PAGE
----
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Where does $c$ squared come into play in the equation $E=mc^2$. Multiplication obviously but how does energy equal mass times the speed of light?

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marked as duplicate by DumpsterDoofus, Brandon Enright, Kyle Kanos, joshphysics, Qmechanic Mar 17 '14 at 8:36

This question has been asked before and already has an answer. If those answers do not fully address your question, please ask a new question.

Could you clarify what you mean by "why"? – joshphysics Mar 17 '14 at 0:34
possible duplicate of How does rest mass become energy? – DumpsterDoofus Mar 17 '14 at 0:39
I'm not sure this is actually a duplicate, since neither of the linked questions actually address the role of the constant $c$ in the equation. I thought we already had a question about that particular point, but I can't find it. – David Z Mar 17 '14 at 2:01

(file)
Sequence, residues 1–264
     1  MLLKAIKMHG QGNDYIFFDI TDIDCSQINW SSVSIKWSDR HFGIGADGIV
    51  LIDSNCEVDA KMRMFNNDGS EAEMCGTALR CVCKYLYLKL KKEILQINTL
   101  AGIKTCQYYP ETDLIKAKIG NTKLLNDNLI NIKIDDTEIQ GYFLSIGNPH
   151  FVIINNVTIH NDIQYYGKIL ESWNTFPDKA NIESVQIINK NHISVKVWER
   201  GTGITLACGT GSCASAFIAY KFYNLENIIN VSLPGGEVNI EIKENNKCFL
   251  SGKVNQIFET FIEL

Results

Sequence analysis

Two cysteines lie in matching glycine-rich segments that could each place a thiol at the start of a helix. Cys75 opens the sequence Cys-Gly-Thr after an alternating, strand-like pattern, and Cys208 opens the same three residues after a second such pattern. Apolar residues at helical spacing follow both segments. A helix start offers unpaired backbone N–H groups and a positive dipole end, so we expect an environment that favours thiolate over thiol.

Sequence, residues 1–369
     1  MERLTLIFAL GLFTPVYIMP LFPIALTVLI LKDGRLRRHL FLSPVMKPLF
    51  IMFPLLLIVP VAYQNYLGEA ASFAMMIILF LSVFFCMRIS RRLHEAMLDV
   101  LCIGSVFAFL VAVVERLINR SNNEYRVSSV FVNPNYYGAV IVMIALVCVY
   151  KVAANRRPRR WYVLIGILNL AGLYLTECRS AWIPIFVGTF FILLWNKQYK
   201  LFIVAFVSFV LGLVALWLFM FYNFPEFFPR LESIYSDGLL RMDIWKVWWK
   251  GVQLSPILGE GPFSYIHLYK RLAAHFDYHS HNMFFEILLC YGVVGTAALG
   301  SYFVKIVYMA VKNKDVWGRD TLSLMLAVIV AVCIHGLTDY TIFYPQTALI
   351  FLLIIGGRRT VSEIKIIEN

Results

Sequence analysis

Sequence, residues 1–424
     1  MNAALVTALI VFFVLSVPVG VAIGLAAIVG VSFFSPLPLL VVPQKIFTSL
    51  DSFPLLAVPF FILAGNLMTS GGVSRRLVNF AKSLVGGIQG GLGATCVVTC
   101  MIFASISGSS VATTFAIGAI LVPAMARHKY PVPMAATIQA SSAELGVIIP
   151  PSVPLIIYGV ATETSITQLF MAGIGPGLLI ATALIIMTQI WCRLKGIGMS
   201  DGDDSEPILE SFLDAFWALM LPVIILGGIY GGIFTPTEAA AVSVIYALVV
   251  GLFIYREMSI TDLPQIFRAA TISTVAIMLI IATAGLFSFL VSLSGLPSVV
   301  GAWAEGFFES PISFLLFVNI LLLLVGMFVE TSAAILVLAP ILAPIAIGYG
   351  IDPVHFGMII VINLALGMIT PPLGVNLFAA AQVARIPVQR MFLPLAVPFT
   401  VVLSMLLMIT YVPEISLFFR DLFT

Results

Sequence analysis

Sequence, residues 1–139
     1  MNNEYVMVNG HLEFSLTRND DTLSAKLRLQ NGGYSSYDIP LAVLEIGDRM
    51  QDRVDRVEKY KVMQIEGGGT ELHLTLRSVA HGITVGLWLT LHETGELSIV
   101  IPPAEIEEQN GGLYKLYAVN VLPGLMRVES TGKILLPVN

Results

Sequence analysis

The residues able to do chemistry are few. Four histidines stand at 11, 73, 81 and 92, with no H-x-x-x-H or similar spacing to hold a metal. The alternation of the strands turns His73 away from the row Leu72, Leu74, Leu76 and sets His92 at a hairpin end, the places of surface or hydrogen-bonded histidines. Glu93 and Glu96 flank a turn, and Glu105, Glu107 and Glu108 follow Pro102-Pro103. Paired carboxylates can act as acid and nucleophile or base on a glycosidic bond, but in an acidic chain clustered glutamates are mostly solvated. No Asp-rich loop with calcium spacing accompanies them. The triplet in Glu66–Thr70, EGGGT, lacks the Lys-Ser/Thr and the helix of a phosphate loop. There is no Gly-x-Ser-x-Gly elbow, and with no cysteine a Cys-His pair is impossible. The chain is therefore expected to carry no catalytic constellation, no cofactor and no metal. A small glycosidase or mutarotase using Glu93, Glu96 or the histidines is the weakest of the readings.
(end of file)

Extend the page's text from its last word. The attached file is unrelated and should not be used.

Out of the box thinking by somebody brilliant wanting to correlate electromagnetic lorenz transformations to particles with masses. c^2 makes the function dimensionally correct, do not forget kinetic energy is 1/2m*v^2, m is th classical mass and v is velocity. – anna v Mar 17 '14 at 5:05

This mass–energy relation states that the universal proportionality factor between equivalent amounts of energy and mass is equal to the speed of light squared. This also serves to convert units of mass to units of energy, no matter what system of measurement units is used. To find out how much energy an object has, multiply the mass of the object by the square of the speed of light. Now we multiphy by $c^2$ because when mass is converted into energy, this energy is by definition moving at $c$. Pure energy is understood in terms of electromagnetic radiation which always moves at the speed of light

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